We wore ski turtlenecks under blouses and cardigans. (I still do all winter in Illinois.) This was a fashion that started at Radcliffe in 1960, when Kathleen Emmett appeared on the cover of Mademoiselle, inaugurating “The Layered Look.” I knew her slightly from helping scrape dishes (Cabot Hall where I lived shared a kitchen with her dorm).
All the girls had to take turns as dish scrapers or waitresses, wearing hairnets, for five sit-down dinners each week (“Gracious Living”). Eleanor Roosevelt used to come to dinner at Cabot Hall once a year, and I was very proud to put a plate down in front of her. Someone asked me out that evening, and I turned him down, because I wanted to see her. He said “She comes every year.” but that was her last year, because she died.
Margery (Marny) Ennis Elliott ’64
Reading the two articles [by Nancy Tepper and Lincoln Caplan] in the January-February issue on the past days of Harvard Law School (HLS) alongside the letters in the March-April issue reminded me of my childhood as an HLS “faculty brat.” My father, Detlev Vagts, joined the faculty in 1959 and I would occasionally visit him at his office, hidden away among the stacks of Langdell Library. To get to the office, I would walk down a seemingly endless corridor which doubled as a portrait gallery of past professors and legal notables. The stern gaze of these conservatively dressed men (I don’t recollect seeing any females), combined with the thick legal volumes stored in bookshelves outside Dad’s office door, presented the place as unwelcoming and dull.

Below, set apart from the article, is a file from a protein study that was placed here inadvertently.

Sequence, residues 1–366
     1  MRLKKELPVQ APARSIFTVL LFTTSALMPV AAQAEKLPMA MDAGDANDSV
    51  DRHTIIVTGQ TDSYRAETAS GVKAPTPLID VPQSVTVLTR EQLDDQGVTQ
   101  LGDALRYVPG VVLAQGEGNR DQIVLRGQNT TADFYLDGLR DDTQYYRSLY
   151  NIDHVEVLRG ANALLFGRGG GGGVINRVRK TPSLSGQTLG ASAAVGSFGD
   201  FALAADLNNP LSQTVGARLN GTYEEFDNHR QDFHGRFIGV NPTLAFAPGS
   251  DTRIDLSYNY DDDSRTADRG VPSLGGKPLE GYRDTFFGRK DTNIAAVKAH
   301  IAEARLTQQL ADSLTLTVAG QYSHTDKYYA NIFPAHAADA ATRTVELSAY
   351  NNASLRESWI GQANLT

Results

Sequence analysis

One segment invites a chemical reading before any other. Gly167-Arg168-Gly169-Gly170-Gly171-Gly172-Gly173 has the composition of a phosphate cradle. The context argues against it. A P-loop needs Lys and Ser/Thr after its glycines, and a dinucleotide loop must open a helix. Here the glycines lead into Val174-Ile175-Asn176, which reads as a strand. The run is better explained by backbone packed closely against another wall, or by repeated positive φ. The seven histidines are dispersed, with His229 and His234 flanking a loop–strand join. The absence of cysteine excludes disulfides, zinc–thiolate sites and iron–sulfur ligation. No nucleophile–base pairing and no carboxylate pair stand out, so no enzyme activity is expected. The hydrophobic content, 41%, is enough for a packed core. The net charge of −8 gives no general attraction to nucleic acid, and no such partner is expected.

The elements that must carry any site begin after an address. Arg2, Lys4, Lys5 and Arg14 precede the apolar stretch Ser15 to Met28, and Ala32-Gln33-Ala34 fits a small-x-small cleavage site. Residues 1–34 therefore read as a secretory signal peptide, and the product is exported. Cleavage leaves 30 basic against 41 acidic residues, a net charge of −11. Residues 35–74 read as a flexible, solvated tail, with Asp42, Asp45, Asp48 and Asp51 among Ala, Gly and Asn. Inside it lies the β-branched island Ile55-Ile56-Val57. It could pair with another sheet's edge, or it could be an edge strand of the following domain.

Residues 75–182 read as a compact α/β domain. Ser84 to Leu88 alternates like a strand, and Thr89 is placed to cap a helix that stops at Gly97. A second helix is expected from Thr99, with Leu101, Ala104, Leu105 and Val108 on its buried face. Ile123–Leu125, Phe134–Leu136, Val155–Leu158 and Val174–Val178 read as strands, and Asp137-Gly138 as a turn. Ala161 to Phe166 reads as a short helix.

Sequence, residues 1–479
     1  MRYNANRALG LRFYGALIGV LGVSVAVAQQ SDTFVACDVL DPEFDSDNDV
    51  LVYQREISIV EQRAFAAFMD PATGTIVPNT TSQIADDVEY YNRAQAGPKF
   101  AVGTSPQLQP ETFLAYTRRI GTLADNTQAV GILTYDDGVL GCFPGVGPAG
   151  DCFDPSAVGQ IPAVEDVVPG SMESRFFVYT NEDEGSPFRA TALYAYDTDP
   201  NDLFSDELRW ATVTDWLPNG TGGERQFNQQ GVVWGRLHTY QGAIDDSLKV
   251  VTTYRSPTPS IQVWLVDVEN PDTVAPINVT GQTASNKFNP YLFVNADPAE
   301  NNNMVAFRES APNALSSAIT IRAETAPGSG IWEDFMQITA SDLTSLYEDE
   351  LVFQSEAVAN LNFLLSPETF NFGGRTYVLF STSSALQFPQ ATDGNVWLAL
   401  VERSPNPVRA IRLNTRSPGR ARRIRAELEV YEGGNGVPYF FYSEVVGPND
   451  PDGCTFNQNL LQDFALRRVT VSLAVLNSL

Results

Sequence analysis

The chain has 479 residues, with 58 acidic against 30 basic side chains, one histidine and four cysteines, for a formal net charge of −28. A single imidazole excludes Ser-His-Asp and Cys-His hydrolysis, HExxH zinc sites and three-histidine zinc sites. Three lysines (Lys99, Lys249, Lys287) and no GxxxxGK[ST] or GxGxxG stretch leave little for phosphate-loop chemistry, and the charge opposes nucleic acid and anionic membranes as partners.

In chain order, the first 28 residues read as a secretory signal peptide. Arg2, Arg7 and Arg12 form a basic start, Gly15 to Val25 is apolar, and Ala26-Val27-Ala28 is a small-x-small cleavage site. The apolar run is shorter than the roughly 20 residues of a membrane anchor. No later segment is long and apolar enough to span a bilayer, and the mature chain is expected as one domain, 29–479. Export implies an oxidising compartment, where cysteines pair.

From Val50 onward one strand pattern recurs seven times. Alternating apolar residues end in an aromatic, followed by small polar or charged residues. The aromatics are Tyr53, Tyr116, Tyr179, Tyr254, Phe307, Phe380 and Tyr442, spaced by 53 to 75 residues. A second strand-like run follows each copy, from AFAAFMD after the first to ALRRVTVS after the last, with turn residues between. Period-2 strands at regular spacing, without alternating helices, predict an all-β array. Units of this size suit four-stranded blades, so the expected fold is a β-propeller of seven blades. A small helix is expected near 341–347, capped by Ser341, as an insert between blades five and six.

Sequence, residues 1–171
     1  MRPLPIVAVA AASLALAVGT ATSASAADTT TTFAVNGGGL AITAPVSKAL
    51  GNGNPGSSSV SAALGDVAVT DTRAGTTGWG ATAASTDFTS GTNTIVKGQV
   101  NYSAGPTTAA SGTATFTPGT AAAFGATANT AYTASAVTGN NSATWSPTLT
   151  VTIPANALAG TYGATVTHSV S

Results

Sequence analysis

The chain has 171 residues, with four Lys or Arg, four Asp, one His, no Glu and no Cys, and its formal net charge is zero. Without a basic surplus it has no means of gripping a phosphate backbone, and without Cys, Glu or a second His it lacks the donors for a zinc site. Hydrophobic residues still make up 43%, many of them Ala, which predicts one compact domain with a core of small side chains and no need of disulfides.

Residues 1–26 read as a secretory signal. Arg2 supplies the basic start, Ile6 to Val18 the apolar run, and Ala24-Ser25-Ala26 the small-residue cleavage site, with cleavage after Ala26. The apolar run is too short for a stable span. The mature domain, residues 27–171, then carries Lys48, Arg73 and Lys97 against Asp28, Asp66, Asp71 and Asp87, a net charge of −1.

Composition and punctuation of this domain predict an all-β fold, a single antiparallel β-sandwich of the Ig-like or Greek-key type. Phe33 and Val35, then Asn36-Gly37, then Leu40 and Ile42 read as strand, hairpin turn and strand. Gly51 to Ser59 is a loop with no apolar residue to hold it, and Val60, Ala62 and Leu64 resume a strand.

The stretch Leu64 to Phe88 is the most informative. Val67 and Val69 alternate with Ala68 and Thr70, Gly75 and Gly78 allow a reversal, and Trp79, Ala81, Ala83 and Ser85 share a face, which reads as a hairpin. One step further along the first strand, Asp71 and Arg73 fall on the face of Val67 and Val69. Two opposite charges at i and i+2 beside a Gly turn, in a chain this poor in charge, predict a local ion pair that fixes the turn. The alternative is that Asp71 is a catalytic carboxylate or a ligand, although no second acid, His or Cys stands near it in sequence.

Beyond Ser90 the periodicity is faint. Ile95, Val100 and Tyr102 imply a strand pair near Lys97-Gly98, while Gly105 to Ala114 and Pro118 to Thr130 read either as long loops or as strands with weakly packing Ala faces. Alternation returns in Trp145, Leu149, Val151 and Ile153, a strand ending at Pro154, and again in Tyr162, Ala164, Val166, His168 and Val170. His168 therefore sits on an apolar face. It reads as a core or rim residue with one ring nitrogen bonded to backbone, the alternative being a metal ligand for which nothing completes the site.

I would also study the class seating diagrams that my father brought home so that he could match his students’ names with their faces. Long before I’d ever heard of any movements for civil rights or equality, I couldn’t help noticing the paltry number of female students as well as of persons of color; indeed, it was a fun game to identify members of these underrepresented groups among a sea of males sporting suits and crewcuts.
These experiences undoubtedly shaped my lack of interest in a legal education, whether at HLS or elsewhere. Then decades later, I found myself wandering through HLS’s Wasserstein Hall to attend an event that was introduced by the then dean (a woman). I passed through the two-floor gallery of faculty portraits, which seemed organized chronologically, and noticed how increasingly diverse the faculty appeared over the years and how their facial expressions were much more welcoming than those of their predecessors in Langdell. The difference made me wonder how this more inclusive picture gallery makes today’s young ones feel about studying the law.
Karen A. Vagts ’79
Recently, Harvard won the last in a series of lawsuits over whether its admissions process discriminates against Asian American students. The fact remains that if admissions were determined based purely on academic performance, the percentage of Asians admitted to Harvard and other top-ranked colleges would be much higher—perhaps three times the percentage currently admitted. We know this, because it is exactly what happened in the University of California after it dropped race-based quotas. Ironically, the losses fell mainly on white students (surprise!), some of whom, in a case of buyers’ remorse, are trying to reinstate those quotas.